Assignment 5: “What’s Available?”
• Besides your Early/Middle College what other high schools offer early college access to students in your district? City? State?
Other high schools in our district that have concurrent enrollment are: John F. Kennedy, East, Montebello, Abraham Lincoln, Thomas Jefferson, West, Denver Online, George Washington, South, MLK High School, DSA, North, Emily Griffith, Vista Academy High School, Summit Academy, Crittenton, CLA, Gilliam, MLK Middle School, P.R.E.P, DC21 at Wyman High School, and Bruce Randolph High School.
• What types of courses (Dual Credit, AP for credit, STeM, College Now, Others) are offered in your district?
The types of courses offered at these schools are CTE, AP, and opportunities for college credit.
• How many students take advantage of these opportunities? (list each with #s)
CEC(381), West(203), Thomas Jefferson(176), MLK HS(122), Bruce Randolph HS(105), South(67), CLA(64), Emily Griffith(54), East(48), Ascent(44), DCIS HS(38), North(29), Crittenton(22), Denver Online(20), P.R.E.P.(18), Summit Academy(17), Montbello(17), Abraham Lincoln(11), George Washington(7), DC21 at Wyman HS(4), John. F Kennedy(3), Vista Academy HS(1). There are about 5,000 students in our local school district who take advantage of these opportunities.
• What is the pass rate/credits earned?
The pass rate is 80% with a C or better.
• What are the costs of these programs? To students? To schools? To districts? To colleges?
The costs of these programs are free for students. The only thing that students have to pay for is book rental fees with particular prices varying with each school.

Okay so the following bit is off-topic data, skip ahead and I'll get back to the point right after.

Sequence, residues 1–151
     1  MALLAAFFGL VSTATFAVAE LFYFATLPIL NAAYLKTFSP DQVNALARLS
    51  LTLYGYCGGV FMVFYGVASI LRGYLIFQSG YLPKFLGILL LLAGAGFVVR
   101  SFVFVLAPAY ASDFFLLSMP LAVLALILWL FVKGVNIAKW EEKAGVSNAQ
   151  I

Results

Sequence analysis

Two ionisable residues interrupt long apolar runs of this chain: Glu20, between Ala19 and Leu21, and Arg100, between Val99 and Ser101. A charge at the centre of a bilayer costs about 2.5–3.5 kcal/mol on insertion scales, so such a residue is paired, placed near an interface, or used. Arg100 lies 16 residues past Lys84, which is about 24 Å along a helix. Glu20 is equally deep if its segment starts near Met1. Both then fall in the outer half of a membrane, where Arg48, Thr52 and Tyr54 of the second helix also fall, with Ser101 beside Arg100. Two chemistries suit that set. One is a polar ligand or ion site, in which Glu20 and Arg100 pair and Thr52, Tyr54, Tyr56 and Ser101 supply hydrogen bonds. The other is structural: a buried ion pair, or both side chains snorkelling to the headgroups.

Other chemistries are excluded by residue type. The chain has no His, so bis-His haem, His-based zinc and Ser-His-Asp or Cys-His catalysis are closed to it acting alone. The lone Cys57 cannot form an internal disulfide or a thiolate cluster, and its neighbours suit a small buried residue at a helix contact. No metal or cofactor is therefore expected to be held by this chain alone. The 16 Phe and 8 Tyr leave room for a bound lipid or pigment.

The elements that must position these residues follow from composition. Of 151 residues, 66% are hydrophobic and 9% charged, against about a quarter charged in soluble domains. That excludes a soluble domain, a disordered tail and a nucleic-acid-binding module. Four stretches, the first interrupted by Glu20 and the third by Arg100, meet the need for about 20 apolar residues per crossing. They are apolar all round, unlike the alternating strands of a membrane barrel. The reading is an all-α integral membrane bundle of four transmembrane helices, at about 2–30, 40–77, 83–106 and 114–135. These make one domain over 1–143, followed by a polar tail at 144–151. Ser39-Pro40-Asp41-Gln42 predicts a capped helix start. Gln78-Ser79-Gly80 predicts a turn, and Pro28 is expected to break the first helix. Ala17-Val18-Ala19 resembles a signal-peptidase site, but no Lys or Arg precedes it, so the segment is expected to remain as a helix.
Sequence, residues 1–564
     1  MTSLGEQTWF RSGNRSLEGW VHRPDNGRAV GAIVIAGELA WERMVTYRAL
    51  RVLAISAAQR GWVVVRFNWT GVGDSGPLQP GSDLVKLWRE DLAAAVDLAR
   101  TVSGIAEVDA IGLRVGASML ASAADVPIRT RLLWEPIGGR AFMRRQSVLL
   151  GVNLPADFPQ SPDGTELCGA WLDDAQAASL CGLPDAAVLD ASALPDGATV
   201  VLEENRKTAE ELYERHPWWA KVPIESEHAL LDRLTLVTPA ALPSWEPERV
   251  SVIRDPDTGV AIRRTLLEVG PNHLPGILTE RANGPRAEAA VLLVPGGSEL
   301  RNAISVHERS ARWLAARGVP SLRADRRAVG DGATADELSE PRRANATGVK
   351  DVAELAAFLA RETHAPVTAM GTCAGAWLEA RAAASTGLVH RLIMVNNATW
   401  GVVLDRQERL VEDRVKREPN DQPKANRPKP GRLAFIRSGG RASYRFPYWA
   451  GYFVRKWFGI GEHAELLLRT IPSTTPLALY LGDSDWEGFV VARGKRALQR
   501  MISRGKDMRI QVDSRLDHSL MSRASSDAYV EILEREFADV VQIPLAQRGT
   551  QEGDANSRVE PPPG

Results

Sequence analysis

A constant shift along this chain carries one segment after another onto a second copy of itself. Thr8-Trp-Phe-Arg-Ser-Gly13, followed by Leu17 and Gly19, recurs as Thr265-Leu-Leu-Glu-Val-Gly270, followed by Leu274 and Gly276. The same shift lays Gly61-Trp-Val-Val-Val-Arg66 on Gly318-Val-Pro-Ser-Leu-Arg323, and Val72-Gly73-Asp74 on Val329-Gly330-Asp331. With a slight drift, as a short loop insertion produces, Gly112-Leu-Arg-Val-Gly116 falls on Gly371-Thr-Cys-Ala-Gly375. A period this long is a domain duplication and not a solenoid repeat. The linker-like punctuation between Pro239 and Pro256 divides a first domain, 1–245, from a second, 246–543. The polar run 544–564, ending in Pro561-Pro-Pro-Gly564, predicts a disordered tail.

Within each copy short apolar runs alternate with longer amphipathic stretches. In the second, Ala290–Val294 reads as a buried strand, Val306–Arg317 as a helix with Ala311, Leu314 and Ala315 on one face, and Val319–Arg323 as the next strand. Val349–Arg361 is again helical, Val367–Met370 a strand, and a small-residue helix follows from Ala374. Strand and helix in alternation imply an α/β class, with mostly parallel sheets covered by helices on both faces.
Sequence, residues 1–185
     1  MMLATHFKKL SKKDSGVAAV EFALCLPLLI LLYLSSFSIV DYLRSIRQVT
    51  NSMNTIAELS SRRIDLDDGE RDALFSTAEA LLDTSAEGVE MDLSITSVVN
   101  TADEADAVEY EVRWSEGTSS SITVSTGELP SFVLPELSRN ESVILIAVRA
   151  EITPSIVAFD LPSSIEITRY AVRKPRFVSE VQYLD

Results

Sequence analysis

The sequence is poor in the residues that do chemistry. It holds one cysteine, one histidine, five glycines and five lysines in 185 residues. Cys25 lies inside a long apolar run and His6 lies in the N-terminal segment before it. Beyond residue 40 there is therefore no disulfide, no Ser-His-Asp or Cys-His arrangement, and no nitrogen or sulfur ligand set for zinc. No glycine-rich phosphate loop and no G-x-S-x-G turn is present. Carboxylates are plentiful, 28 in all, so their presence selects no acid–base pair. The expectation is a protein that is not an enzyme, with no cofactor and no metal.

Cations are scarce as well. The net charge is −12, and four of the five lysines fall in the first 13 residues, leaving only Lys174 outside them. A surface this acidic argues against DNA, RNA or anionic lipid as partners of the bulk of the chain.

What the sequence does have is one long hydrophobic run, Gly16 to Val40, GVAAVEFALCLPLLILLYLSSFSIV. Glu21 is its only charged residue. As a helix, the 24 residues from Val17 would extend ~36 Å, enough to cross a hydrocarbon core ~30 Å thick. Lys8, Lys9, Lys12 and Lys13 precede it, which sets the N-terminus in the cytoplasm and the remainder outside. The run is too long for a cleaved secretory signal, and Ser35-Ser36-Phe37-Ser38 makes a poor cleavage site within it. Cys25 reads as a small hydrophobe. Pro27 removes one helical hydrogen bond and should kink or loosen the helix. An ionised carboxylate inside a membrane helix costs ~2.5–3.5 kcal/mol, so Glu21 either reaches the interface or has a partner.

• How are students admitted to these programs and what criteria must they meet to continue?
Criteria for admission differs with each school. For our school you must have good grades, especially on the subject on which you would like to take college courses. Teachers also write recommendations if they think a student is eligible for a particular class.
• What is the demographic of students in these programs (race, gender, immigrant status, past academic history, school of origin)?
For the 2012-2013 report, students were 67% Hispanics, 17% White, 9% Black, 3% Asian, 3% two or more races, 1% American Indian, and 0% Native Hawaiian.
• How are these programs embedded into the organization and fabric of the home school community? At MCNC schools, advisors monitor progress, there are high school/college liaison meetings regularly, and there are seminars and counseling provided for registration, course planning, etc. Do such supports exist in other programs?
At these other schools, teachers and staff focus on the students taking college classes or other type of advance classes a bit more. They try to give them the most help possible when they are struggling. Although they are not as involved with their students, like MCNC schools are, they do try to give the help necessary in order to pass a class.